There has been limited information released about Skyrim's system of crime and punishment. While it would be interesting to see a different culture's take on penance (perhaps the Nords would demand labor of their prisoners? Perhaps torture would be involved?), we do kind of hope that our old buddy the Imperial Guardsman is back with his unique brand of hard-line justice. Or he doesn't even have to be there personally, it could be just an artifact, like an enchanted Imperial Guard Helm you get at some point that gives you a 50% damage boost against criminal scum.
And yeah, if anyone's keeping track, I know that it probably isn't good that this is the second time in as many weeks that this column is prominently featuring the "STOP RIGHT THERE CRIMINAL SCUM" meme. I may have to pay the court a fine.
4.) Big fights happen in stages.
The major bad guys of Skyrim are not the grim cultists and dremora lords of Oblivion, but a legion of dragons that comprise the army of a long-dormant Nordic god. Dragons, usually a mainstay of fantasy games, have only been seen a little in the past few Elder Scrolls games. Those annoying fucking pterodactyl assholes in Morrowind don't count.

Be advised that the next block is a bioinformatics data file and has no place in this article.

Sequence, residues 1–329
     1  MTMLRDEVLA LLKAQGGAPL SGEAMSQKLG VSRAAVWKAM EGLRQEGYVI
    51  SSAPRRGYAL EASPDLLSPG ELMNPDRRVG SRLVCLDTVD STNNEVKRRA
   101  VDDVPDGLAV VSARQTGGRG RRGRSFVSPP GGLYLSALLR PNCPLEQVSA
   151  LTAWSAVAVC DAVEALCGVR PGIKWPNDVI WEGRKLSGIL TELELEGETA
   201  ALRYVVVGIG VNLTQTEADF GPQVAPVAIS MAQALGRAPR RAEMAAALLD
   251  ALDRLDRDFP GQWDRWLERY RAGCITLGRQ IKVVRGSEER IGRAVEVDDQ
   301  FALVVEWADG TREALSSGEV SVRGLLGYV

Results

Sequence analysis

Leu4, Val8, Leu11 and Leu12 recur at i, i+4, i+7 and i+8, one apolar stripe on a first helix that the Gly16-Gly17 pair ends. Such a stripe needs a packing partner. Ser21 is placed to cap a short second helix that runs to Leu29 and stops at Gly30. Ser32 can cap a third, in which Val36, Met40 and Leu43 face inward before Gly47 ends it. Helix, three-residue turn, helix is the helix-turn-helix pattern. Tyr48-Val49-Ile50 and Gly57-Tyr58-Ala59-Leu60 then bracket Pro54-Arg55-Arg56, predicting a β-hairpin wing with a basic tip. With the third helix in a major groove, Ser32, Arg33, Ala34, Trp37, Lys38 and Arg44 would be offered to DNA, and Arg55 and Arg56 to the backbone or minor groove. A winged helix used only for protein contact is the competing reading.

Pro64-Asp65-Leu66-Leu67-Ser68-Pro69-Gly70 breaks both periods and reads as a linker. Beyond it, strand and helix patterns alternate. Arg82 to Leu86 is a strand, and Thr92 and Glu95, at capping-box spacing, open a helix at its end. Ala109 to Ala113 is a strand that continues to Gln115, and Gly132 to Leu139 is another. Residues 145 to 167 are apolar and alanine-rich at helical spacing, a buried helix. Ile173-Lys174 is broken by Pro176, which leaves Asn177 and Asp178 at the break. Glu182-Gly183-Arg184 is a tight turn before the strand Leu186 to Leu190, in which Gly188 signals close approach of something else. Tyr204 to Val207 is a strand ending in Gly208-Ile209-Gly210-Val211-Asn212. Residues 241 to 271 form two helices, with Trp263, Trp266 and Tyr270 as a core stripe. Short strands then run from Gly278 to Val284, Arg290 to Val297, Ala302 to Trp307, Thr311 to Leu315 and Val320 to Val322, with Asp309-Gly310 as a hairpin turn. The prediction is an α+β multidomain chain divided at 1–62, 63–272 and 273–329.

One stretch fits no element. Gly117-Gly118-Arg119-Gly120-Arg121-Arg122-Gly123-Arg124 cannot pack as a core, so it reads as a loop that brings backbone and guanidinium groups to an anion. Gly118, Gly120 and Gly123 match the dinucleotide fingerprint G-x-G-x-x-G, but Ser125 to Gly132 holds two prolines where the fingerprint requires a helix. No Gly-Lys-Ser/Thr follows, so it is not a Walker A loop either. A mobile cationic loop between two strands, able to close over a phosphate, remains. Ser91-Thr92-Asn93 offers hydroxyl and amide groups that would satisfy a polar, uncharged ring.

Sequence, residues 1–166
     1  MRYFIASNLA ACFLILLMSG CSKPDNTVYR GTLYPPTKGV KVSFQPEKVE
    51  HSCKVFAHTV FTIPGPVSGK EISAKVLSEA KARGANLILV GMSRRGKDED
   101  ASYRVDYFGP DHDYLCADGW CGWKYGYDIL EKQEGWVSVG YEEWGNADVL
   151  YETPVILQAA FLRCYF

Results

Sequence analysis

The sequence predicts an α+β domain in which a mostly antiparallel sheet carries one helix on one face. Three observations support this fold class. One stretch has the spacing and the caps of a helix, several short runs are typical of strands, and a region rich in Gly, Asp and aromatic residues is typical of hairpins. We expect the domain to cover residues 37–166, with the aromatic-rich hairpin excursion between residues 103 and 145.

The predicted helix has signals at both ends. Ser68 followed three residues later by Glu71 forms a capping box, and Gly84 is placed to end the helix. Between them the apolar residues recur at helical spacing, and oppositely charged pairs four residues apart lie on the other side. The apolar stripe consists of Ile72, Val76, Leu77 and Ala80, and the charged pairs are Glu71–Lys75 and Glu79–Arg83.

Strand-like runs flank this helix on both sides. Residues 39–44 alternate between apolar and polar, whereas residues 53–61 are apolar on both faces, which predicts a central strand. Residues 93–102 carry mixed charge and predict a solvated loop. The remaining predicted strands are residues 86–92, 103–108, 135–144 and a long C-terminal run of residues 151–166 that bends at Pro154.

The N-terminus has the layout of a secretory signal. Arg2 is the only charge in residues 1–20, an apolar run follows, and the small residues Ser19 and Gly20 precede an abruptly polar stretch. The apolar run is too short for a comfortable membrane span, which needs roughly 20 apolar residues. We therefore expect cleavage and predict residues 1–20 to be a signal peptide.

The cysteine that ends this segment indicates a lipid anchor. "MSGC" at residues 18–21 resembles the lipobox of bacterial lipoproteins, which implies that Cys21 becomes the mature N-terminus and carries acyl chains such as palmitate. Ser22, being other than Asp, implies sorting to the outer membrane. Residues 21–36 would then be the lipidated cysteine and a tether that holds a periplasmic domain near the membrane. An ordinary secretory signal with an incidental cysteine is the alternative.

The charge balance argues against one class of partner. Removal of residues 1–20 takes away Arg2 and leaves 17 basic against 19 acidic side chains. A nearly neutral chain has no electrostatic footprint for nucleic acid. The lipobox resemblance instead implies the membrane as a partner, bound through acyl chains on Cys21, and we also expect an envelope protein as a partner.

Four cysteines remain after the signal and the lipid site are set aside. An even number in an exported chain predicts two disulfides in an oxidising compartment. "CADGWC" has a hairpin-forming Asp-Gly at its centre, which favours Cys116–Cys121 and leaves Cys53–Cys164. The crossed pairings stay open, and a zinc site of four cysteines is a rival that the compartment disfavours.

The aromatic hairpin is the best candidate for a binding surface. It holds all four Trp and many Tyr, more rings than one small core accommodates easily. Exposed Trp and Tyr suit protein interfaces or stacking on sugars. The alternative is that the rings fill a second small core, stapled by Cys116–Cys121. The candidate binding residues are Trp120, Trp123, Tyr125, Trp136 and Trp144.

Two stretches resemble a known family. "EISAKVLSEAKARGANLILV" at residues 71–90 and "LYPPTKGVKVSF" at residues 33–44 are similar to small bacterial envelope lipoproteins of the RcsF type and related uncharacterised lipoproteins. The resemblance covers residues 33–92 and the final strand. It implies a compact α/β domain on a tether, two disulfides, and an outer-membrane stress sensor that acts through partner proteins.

And, what's cooler, according to new information, the dragons of Skyrim will not be the usual "shoot at it until it dies" Action-RPG baddies who can be stabbed forty times and show no trace of injury but then keel over and expire on the forty-first blow. Apparently these dragons can be crippled by battle, forcing them to give up flight and engage you on land. This portends a lot of epic dragon battles where, by the end, both the PC and the dragon are haggard, crippled and fiercely hanging on to the last threads of life.
5.) The spirit of adventure can be summed up in words or in other ways.
Pretty much everything we hope Skyrim will be is communicated by the theme song. If you listen to this and you don't feel the irresistable urge to shove two dual-wielded longswords up a dragon's ass then you should check with your doctor to see if you are dead.